Coercive control can take many forms, but the key element is that it encompasses a pattern of behaviour rather than focusing on individual one-off incidents, said Sgt. Mike Darling of the Regional Domestic Violence Unit in Victoria.
The unit investigates the highest-risk domestic violence cases in the Victoria area.
"Using GPS to monitor the location of a victim, isolation from friends and family, that's a couple of examples that we see a lot in the files that we deal with," Darling said.
Police lack power to intervene
While not all relationships that meet the coercive control criteria result in physical violence, it can be an important warning sign, said Randall Garrison, the NDP MP from British Columbia who introduced the private member's bill.
"Overt physical violence and indeed femicide is almost always preceded by coercive, controlling behaviour," he said.
Garrison introduced the bill last fall after speaking with several police departments serving his Victoria-area riding. They all reported a spike in domestic violence calls after the COVID-19 pandemic started.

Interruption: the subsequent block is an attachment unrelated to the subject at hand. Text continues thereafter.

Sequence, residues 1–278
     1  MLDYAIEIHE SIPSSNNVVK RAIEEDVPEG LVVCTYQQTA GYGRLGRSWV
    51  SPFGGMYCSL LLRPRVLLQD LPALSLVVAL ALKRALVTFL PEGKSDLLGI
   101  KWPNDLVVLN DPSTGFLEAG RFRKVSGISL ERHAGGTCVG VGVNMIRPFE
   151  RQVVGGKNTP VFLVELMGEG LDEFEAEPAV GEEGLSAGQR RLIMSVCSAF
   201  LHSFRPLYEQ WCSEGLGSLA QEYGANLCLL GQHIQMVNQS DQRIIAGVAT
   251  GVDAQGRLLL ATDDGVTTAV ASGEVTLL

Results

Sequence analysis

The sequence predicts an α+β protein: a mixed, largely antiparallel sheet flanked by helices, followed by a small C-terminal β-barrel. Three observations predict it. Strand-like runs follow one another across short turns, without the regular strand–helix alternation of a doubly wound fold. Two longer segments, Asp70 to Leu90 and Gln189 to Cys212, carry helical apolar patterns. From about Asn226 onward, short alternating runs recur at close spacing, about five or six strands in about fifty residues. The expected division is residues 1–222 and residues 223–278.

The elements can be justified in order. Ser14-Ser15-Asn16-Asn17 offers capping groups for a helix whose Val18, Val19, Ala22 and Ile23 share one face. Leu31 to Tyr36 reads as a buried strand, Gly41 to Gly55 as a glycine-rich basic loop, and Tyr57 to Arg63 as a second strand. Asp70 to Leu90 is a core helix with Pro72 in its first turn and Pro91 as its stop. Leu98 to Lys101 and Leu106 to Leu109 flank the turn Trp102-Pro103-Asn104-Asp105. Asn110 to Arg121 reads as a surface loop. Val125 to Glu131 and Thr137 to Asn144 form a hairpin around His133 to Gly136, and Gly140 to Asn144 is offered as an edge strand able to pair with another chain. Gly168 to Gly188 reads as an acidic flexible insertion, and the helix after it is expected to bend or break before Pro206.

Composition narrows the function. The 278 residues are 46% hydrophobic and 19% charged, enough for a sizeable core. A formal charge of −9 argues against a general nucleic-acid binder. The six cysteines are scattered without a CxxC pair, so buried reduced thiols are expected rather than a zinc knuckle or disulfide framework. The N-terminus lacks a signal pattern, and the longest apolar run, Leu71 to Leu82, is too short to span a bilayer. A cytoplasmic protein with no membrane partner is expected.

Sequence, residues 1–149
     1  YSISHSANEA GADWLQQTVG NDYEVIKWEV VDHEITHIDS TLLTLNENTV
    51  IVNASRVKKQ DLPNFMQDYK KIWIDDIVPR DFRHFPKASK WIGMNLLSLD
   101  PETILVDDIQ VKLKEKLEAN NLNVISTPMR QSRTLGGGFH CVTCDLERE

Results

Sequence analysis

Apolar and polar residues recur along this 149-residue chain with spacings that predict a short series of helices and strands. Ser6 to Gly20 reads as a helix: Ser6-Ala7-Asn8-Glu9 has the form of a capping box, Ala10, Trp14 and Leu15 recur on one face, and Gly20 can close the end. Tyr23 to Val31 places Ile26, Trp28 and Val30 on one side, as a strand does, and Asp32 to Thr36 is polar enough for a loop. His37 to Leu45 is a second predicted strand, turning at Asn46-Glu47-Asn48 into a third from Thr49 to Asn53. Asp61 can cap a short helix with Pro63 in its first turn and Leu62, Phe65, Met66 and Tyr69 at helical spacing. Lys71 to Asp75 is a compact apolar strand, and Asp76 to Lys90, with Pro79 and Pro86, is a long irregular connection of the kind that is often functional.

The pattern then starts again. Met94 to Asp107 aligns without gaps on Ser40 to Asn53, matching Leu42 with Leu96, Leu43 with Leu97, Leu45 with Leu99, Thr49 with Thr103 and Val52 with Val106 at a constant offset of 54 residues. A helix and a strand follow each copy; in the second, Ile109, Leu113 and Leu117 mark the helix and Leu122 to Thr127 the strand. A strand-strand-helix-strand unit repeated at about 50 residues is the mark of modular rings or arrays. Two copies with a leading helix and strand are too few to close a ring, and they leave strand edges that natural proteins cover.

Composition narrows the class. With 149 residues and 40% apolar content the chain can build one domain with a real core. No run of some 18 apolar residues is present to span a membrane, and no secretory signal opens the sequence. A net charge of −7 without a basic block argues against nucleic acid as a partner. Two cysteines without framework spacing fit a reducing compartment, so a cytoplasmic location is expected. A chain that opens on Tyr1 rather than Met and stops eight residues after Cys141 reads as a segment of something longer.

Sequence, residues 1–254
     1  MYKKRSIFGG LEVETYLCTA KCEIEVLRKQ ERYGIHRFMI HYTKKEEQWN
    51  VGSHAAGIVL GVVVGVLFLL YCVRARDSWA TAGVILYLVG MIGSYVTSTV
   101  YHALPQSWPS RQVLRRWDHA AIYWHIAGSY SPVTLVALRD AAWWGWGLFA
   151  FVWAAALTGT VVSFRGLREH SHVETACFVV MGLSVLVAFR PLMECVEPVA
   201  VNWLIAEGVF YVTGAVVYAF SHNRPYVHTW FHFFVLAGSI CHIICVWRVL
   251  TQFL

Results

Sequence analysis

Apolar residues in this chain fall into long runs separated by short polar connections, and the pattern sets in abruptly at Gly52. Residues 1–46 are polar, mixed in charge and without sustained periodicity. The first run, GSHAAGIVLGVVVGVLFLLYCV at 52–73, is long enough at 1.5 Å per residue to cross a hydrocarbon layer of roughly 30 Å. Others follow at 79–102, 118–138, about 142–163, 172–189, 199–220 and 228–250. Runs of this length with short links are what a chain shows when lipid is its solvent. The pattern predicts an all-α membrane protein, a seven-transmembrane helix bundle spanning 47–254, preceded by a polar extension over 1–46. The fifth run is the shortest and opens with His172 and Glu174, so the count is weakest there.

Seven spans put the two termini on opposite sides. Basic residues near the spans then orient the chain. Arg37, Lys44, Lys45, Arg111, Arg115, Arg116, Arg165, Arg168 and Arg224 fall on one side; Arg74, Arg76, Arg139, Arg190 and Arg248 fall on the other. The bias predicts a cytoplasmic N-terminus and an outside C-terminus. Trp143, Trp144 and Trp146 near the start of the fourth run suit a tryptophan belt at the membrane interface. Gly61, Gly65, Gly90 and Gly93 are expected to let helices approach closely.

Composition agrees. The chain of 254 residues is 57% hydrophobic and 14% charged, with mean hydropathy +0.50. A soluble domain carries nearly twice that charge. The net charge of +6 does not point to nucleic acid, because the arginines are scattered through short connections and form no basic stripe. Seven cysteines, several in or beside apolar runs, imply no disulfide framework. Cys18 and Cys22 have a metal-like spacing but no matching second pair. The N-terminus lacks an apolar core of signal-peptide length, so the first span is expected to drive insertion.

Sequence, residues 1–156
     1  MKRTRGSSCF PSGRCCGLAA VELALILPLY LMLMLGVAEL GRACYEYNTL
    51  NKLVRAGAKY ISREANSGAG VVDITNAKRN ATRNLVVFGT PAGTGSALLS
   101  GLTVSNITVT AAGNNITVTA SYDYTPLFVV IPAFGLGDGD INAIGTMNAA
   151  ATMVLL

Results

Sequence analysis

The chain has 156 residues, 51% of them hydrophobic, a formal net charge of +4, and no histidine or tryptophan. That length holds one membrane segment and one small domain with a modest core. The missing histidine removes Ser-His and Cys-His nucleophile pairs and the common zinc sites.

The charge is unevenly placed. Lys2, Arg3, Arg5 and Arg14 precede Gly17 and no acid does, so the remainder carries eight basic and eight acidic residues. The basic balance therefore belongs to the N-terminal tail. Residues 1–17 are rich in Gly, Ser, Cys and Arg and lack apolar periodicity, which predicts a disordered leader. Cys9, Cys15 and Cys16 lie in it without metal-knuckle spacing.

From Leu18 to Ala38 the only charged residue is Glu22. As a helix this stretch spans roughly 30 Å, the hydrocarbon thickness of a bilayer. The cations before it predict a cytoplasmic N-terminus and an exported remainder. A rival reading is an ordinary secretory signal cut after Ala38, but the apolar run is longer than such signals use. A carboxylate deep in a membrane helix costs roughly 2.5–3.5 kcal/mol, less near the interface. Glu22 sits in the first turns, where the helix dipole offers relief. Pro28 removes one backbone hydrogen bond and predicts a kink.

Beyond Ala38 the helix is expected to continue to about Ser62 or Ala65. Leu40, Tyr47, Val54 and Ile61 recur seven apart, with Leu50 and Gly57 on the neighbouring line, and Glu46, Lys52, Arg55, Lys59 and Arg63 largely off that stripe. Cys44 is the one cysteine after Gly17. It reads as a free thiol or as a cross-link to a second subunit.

Both police and women's advocates told him that tools were needed to allow police to act sooner.
"The current structure of the Criminal Code simply makes the police walk away, even when they know that situations are potentially very dangerous. They don't have the authority to intervene. So it creates that tool for earlier intervention," Garrison said.
Darling recalled one such situation last year when police were powerless to protect a victim who was trying to leave a relationship, which can be a dangerous time.
"The victim wanted to leave the relationship and made attempts to do so, and unfortunately, the circumstances didn't have a specific criminal offence that was related to, say, intimate partner violence," he said.
– MP Randall Garrison, who introduced private member's bill